The introduction of the euro has created greater market transparency and accelerated structural change in the industrial property markets of Europe, says new research published by King Sturge. The report, European Industrial Property Markets Report 2002, says that the introduction of the euro has created regional winners and losers in respect of where there is more or less demand (and supply) for warehouse and light-industrial property.
The winners in northern Europe have been in France (Lille, Strasbourg, Paris) and parts of Belgium (LiÃ¨ge). Developers have concentrated warehouse activity in these regions, as land values are relatively low, while occupier demand has been strong due to the short distribution drive times to major markets.
The losers in northern Europe have been areas in Germany (Berlin, DÃ¼sseldorf, Stuttgart) and the Netherlands (Amsterdam, Rotterdam) where, due to high rents and land values, demand for industrial property has been modest and there has been little new construction.
In southern Europe, demand has been strong in France (Lyon, Marseille) and in Italy (Milan), where rents are comparatively low. Other European regions where industrial development activity has increased to meet greater demand, include Spain (Madrid, Barcelona), parts of the United Kingdom (Birmingham, southeast England) and Central and Eastern Europe (Budapest, Prague, Warsaw). Industrial property activity is modest in Brussels, Copenhagen, Luxembourg, Geneva and Zurich, due to a shortage of available land for industrial property development.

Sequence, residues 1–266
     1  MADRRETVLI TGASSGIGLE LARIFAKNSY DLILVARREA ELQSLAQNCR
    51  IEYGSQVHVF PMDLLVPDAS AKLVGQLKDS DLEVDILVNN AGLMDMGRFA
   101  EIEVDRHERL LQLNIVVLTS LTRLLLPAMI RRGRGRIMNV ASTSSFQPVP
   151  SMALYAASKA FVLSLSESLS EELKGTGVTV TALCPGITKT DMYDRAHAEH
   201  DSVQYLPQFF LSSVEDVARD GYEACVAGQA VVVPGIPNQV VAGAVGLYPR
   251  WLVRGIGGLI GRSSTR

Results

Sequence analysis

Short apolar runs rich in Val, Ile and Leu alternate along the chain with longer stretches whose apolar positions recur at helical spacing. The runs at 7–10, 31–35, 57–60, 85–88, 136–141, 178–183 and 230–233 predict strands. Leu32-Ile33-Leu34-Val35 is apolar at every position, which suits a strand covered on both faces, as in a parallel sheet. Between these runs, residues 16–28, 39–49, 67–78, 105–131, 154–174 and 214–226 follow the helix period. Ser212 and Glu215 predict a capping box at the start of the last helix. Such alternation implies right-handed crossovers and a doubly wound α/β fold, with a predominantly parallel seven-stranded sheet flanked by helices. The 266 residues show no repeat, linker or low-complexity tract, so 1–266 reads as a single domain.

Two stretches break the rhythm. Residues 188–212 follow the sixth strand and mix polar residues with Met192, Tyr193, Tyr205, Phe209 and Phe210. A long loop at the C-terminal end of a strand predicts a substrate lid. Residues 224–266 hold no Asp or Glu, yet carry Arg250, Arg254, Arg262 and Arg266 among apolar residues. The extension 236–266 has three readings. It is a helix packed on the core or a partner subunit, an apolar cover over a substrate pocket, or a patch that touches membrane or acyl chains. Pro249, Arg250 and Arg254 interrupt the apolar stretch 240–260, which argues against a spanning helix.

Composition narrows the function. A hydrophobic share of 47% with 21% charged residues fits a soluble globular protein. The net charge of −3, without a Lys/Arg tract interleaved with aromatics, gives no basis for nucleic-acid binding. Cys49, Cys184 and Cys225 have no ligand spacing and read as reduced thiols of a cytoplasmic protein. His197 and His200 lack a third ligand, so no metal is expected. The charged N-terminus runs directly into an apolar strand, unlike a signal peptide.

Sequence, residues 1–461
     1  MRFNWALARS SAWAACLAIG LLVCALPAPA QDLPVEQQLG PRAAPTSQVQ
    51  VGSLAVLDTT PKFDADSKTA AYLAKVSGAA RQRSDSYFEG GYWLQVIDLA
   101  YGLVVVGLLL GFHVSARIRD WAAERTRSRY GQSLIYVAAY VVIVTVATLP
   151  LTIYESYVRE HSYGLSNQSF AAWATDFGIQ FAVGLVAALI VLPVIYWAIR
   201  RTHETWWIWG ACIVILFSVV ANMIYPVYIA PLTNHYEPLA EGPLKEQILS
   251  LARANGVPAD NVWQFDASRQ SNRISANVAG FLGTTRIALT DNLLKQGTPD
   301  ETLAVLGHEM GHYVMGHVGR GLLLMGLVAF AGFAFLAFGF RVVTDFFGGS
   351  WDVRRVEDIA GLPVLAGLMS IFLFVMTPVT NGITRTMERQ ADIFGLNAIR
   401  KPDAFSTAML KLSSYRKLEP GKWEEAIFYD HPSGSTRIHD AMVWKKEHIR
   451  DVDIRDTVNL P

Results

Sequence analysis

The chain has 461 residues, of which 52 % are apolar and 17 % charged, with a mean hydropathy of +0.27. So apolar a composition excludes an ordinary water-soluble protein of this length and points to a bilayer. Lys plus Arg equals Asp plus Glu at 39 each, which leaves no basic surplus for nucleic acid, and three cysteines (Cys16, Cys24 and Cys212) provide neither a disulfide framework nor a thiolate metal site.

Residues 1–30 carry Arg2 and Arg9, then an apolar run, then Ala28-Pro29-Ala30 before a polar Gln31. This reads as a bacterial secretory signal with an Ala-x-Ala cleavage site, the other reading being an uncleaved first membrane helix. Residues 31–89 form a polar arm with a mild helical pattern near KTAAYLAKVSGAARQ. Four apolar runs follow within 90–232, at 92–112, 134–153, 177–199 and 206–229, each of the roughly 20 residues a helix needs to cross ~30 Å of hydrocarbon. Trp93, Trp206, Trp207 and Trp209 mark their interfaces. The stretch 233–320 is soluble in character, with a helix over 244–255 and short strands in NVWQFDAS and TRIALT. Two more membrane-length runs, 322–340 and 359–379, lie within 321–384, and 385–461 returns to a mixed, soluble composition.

Henry Woodruff, European researcher at King Sturge who complied the report said, 'The introduction of the euro is accelerating a profound change in the warehouse and light-industrial property markets of Europe. The vast regional warehousing markets of the USA, seen around Chicago and Los Angeles, are now emerging in parts of France and Belgium. The implications for Germany and the Netherlands in terms of land use and employment are still to be considered. The concentration of warehousing and light-industrial property in low land value and low rent countries may in time prove to be as significant as the emergence of the supermarket.'
(source: King Sturge)